Thursday, March 29, 2007

Evolutionary Ecology: Understanding evolutionary bursts

Ottawa (Canada), 29 March: The diversity of life is thought to have arisen through a series of bursts of evolution, referred to as adaptive radiations. Two studies published online in Nature this week identify predation and immigration history as key factors that influence this process.

Both groups manipulated microbial systems, which can evolve quickly over time, to study the processes influencing adaptive radiation. Justin R. Meyer and Rees Kassen looked at the effects of a predator, the single-celled eukaryote Tetrahymena thermophila, on the subsequent diversification of its prey, the bacterium Pseudomonas fluorescens. The presence of predators stifled the bacterium’s ability to diversify. The duo think that this may explain why adaptive radiation seems to occur after mass extinctions and on deserted islands, when predators are rare.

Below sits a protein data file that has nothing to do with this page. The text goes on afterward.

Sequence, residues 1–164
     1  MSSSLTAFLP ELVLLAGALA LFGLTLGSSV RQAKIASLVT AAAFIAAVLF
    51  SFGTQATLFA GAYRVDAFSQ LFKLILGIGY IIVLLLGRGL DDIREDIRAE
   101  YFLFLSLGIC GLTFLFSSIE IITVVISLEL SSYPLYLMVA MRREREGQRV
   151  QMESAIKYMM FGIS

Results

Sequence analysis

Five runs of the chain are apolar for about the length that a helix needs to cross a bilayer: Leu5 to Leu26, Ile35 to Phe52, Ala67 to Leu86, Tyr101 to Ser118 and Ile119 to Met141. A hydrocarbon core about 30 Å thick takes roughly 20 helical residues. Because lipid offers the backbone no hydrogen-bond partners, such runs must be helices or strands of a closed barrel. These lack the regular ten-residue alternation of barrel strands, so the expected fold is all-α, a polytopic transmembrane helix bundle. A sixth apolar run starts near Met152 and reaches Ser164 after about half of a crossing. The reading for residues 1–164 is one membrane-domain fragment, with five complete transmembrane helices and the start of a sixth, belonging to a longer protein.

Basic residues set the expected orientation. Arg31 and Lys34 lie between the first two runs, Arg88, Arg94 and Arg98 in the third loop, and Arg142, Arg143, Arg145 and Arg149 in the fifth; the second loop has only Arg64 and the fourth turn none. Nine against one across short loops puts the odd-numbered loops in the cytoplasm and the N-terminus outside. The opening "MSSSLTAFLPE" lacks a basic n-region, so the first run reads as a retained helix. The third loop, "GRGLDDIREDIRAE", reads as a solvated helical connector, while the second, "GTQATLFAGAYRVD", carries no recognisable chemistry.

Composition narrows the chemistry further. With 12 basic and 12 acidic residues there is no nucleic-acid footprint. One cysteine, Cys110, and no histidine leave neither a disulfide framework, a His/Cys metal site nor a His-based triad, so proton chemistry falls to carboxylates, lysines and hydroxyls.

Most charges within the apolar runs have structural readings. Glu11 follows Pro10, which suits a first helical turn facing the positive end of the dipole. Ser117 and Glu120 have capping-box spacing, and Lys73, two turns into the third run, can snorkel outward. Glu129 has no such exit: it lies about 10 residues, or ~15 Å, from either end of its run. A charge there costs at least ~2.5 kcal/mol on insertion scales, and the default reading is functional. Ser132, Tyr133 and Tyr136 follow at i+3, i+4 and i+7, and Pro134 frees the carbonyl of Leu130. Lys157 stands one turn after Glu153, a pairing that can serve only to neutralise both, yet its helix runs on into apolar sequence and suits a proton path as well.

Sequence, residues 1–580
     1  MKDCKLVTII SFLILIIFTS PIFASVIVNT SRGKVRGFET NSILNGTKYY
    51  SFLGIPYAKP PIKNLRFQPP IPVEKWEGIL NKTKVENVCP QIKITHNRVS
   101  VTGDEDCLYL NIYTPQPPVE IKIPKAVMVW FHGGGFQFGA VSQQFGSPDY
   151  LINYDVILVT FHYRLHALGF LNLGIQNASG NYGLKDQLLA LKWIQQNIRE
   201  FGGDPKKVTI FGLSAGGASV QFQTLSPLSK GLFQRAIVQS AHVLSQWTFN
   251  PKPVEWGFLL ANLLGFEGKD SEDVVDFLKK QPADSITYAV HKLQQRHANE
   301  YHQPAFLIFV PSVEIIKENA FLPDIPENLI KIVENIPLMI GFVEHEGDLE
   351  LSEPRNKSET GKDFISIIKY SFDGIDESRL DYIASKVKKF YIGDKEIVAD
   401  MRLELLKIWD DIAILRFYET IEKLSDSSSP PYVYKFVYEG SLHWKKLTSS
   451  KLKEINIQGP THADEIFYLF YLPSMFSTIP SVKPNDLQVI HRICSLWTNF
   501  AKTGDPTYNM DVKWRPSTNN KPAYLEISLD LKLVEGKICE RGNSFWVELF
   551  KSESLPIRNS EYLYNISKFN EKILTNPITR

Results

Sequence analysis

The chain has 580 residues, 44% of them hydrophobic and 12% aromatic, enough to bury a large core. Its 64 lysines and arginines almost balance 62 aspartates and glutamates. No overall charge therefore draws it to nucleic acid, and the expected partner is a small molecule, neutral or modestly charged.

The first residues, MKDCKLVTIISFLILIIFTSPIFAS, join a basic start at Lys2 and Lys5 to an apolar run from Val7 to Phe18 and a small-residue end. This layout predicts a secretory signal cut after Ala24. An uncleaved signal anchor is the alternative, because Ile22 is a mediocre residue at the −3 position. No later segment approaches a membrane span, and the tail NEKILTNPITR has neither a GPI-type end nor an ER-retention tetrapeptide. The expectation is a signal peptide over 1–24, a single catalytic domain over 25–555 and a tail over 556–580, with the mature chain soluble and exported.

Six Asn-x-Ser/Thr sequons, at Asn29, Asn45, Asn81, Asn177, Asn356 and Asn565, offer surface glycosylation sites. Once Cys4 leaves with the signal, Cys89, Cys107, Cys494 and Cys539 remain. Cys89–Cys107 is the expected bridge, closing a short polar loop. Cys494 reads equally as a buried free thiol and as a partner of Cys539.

Tadashi Fukami and colleagues found that the sequence in which different species arrive in a given isolated habitat also affects subsequent bacterial diversification. And even small changes in immigration history can have a big knock on effect. Together, the findings show that the origins, extent, function and stability of biodiversity can only be understood by integrating ecology with evolution.
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